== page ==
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News

8th February 2017 - 'Abandoned on the Plains' Tony Worobiec

It’s always a pleasure and a privilege to welcome internationally renowned photographers to the camera club and this is no exception for Tony Worobiec who made a return visit recently. Tony’s presentation of images by himself and his wife Eva was titled ‘Fragments of an American Dream’ – a seminal work on the depopulating communities of Dakota and Montana. This came about after a chance encounter with an abandoned vehicle in the mid 1990’s and the realisation that quite large communities had imploded once elderly people and their children had got tired of living an isolated existence.
Sometimes quite large towns had disappeared within just a generation or two and properties had been left to decay. This provided Tony with a documentary project that culminated in a large number of dramatic and powerful images that showed the decline of a lifestyle.
Strangely although the images presented a somewhat depressing view of communities that had ultimately failed, there was a beauty to the images that could not be denied. And this was often presented by the impression of space and the dramatic cloud formations that formed in a landscape familiar with tornados.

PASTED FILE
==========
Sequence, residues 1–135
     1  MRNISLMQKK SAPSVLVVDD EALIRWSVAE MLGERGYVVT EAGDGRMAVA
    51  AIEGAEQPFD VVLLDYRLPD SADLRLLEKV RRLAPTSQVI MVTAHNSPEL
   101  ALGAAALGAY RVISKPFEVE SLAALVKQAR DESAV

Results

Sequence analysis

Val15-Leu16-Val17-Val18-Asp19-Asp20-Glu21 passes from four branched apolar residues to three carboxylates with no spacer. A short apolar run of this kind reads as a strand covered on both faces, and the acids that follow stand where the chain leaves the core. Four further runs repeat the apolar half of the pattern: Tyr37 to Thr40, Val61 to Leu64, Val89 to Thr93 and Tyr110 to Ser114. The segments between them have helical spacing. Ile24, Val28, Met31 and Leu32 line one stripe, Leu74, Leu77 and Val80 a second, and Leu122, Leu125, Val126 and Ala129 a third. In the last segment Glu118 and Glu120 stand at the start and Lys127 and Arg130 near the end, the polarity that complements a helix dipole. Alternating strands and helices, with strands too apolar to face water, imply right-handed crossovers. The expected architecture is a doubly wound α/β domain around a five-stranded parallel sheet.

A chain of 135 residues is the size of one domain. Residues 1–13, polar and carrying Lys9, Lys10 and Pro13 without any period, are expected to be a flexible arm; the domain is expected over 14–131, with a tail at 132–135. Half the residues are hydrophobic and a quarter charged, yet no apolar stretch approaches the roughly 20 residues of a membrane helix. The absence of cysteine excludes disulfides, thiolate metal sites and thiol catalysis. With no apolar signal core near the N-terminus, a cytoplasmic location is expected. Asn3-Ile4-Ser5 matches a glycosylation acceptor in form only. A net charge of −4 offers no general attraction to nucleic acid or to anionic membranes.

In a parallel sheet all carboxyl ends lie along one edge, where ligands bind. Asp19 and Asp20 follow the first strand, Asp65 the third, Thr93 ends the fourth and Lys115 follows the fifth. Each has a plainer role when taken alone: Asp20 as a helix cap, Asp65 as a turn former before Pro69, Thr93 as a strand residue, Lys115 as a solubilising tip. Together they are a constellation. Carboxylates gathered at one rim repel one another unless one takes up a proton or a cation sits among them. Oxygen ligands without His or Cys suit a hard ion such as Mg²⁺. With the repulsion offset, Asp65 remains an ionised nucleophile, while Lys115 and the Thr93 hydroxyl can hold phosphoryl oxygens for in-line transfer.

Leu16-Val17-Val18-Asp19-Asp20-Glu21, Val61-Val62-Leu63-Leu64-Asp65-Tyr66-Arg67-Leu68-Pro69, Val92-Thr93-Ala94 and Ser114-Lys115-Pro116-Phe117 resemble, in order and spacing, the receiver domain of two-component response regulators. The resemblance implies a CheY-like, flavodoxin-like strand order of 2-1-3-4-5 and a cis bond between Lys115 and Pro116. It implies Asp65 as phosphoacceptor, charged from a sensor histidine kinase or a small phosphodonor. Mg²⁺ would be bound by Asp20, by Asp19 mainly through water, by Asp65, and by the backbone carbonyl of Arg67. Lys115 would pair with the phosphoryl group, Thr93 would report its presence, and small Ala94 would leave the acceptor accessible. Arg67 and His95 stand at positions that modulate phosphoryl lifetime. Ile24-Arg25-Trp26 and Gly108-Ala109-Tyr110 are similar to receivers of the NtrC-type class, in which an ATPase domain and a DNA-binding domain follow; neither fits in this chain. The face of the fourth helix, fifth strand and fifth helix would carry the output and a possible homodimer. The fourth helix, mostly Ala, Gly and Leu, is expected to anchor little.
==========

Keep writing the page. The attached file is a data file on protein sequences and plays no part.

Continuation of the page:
But the pictures were far more than landscapes without people. Tony and Eva also explored the insides of many of these deserted properties documenting the detritus of what they had left behind. Respectfully observing no trespassing notices, they had dared to record the rooms left open to the elements and wildlife, taking care not to move anything and to first check for wildlife inhabitants such as racoons and rattlesnakes! Amazingly, even during places they re-visited on another occasion the items they had photographed were still there as poignant reminders of lives now moved on.
Tony also emphasised that the images he was presenting were ‘the real thing’- not enhanced by any Photoshop filters or artificial ageing.
This was a thought-provoking presentation by one of the world’s leading documentary photographers and a reminder of the fragility of human existence even in supposedly the world’s richest economy.